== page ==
Baxter’s tale is fast-paced, and the magic he’s created is interesting, and something of which I wanted to know more. He touches on the monsters of popular culture and myth alike, which, for me, only placed me more solidly in Baxter’s world. He also take the writer credo: ‘write what you know’, to heart here. A kung-fu instructor himself, he’s incorporated the fighting skills and lessons of his sifu to see Caine through his quest and internal battle with the magic that’s ‘bound’ itself to him, and you can see that in the believability of the fight scenes.

Caine isn’t alone in travels. A half-Fey, Silhouette, has taken a shine to him, and Caine falls hard and fast for her. I was a little worried Silhouette was the ‘requisite love interest’, but she holds her own, and doesn’t shy from who she is and what she needs to do to survive. Something she doesn’t hide from Caine either. Theirs is a complicated yet strikingly honest relationship (regardless of the secrets each needs to keep).

The two make a formidable force, as do the antagonists in this tale – (the fantastically tuckerised) Hood and Sparks. Nasty pieces of work, both. But well placed against Caine and Silhouette. There are shades of grey through all the characters, and that’s something I liked most about this tale.

blood spatterThere are sections of this story that those with weaker stomachs when it comes to fiction, might have trouble reading. If vivid violence, rough sex, and a shitload of swearing aren’t your cup of tea then this might not be the book for you. But creativity is meant to push boundaries, to take us places that make us wonder at what humanity really means. What’s that saying? ‘Art should comfort the disturbed, and disturb the comfortable.’ Baxter does this well while providing a hell of a story to boot.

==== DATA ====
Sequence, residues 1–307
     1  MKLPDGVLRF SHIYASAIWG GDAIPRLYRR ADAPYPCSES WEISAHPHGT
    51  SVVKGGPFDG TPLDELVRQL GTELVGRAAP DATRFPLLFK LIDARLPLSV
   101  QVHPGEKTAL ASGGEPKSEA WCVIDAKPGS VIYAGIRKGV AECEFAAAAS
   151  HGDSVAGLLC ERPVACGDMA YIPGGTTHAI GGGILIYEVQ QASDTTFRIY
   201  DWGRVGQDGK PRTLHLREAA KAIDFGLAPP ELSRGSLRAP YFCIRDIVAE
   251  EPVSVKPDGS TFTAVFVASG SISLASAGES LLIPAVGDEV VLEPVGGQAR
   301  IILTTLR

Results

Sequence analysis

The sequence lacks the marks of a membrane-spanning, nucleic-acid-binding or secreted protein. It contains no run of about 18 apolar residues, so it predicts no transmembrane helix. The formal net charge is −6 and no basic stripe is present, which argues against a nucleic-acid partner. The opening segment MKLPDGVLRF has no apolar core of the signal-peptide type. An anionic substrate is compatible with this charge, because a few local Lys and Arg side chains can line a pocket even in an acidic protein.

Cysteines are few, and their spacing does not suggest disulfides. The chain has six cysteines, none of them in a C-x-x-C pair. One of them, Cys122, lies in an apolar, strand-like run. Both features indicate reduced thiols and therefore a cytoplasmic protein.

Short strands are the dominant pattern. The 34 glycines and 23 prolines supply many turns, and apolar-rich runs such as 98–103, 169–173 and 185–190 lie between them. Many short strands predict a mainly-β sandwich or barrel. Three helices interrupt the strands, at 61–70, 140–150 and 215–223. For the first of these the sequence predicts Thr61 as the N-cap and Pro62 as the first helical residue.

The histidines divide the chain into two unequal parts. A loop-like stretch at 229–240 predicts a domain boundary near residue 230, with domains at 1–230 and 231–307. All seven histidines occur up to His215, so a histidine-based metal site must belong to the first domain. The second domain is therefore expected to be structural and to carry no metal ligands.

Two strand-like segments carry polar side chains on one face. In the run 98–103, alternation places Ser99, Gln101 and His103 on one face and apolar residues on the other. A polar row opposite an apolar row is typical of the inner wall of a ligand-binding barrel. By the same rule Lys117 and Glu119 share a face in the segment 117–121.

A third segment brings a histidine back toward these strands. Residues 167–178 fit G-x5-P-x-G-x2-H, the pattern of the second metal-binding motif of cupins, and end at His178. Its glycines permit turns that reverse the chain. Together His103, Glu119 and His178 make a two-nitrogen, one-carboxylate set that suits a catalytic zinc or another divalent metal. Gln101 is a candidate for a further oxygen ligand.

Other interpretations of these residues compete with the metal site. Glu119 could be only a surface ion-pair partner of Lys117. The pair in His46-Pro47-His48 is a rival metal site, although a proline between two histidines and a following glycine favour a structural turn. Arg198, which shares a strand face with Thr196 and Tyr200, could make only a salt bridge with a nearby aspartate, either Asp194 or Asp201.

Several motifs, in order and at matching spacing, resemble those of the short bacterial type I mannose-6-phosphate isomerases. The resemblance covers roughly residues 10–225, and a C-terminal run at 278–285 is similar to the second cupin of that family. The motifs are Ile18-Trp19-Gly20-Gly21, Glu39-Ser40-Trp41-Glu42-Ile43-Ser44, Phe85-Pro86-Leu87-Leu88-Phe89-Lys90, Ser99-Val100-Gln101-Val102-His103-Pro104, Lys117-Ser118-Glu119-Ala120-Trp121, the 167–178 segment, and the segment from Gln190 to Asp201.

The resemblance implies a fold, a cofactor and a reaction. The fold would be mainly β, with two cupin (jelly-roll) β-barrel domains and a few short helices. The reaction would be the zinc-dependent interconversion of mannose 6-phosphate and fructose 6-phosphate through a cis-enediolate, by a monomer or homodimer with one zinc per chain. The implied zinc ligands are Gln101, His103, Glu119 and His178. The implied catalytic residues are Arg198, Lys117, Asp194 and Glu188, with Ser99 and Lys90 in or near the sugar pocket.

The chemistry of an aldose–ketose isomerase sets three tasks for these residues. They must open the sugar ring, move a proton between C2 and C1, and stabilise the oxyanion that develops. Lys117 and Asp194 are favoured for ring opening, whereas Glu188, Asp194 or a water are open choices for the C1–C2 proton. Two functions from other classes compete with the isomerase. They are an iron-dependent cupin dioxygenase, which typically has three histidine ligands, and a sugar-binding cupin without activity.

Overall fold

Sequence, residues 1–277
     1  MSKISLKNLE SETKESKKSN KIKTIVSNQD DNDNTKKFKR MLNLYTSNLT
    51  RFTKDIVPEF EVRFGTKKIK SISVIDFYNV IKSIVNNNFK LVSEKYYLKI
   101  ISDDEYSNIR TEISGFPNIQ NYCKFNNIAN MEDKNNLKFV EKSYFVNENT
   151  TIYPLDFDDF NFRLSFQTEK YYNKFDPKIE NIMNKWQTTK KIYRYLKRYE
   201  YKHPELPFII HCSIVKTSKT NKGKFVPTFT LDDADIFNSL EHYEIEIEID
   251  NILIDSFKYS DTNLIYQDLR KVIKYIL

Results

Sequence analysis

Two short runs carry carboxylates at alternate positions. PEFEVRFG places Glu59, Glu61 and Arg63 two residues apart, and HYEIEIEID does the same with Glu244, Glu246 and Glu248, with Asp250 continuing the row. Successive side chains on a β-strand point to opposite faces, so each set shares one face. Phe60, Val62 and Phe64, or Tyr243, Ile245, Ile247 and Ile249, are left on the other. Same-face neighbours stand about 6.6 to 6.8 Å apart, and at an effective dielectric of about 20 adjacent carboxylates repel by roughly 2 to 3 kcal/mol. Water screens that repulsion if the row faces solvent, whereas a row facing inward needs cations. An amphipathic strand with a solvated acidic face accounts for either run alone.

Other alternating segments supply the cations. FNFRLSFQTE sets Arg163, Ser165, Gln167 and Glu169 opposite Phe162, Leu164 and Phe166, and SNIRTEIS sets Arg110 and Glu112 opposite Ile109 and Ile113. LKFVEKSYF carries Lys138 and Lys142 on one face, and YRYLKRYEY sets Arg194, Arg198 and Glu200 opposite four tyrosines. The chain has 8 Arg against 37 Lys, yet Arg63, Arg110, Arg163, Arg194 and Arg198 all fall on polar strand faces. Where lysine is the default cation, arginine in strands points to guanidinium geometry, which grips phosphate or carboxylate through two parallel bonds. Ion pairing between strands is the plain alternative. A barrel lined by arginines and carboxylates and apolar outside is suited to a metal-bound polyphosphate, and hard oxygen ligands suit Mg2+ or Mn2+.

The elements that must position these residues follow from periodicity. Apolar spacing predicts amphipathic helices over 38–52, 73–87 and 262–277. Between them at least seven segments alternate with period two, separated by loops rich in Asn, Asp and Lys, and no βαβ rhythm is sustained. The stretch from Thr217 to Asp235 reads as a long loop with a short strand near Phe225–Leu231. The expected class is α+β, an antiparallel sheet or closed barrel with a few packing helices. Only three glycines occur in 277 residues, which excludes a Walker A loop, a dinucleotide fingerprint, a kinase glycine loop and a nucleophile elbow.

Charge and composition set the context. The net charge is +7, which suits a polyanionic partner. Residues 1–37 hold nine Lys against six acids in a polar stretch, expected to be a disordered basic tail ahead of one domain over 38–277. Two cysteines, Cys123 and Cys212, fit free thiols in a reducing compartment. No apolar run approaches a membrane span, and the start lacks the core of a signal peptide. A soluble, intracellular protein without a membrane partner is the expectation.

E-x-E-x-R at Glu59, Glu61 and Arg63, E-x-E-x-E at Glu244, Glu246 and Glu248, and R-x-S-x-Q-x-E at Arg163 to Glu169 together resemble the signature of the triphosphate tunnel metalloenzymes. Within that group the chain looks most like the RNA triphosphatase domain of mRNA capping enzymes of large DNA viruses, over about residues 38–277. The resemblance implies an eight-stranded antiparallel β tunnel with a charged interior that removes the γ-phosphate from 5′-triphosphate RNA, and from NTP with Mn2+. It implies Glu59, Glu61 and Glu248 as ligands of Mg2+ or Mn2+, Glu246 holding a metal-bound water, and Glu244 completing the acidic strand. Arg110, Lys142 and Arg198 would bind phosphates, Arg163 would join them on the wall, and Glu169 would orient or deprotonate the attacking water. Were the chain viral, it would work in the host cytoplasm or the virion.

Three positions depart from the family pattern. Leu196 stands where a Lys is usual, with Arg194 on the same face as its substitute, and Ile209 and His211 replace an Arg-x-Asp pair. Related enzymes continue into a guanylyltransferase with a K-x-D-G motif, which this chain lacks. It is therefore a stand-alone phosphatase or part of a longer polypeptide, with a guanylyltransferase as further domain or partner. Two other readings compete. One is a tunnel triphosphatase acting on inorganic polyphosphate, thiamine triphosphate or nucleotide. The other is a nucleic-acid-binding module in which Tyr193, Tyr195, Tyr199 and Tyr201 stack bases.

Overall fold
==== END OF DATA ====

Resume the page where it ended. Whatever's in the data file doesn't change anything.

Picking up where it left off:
My only concern is that with such a fast-paced, action-packed first book, sustaining this through books two and three, and upping the ante, might make this a hard act to follow. I’m looking forward to the ride, though, I gotta say.

I’m a bit of a hard taskmaster when it comes to star ratings (you need to really earn a five star from me), and while it took me longer than I wanted to read Bound, it was more that I’m extremely time-poor, than a reflection on the story itself. I didn’t want to put this book down, and I hankered to get back to it (Baxter’s “monsters” are pretty damn awesome), but real life and a tonne of work has a habit of imposing itself on my leisurely pursuits.

So, on a Goodreads scale, I give Bound 5 stars.

five stars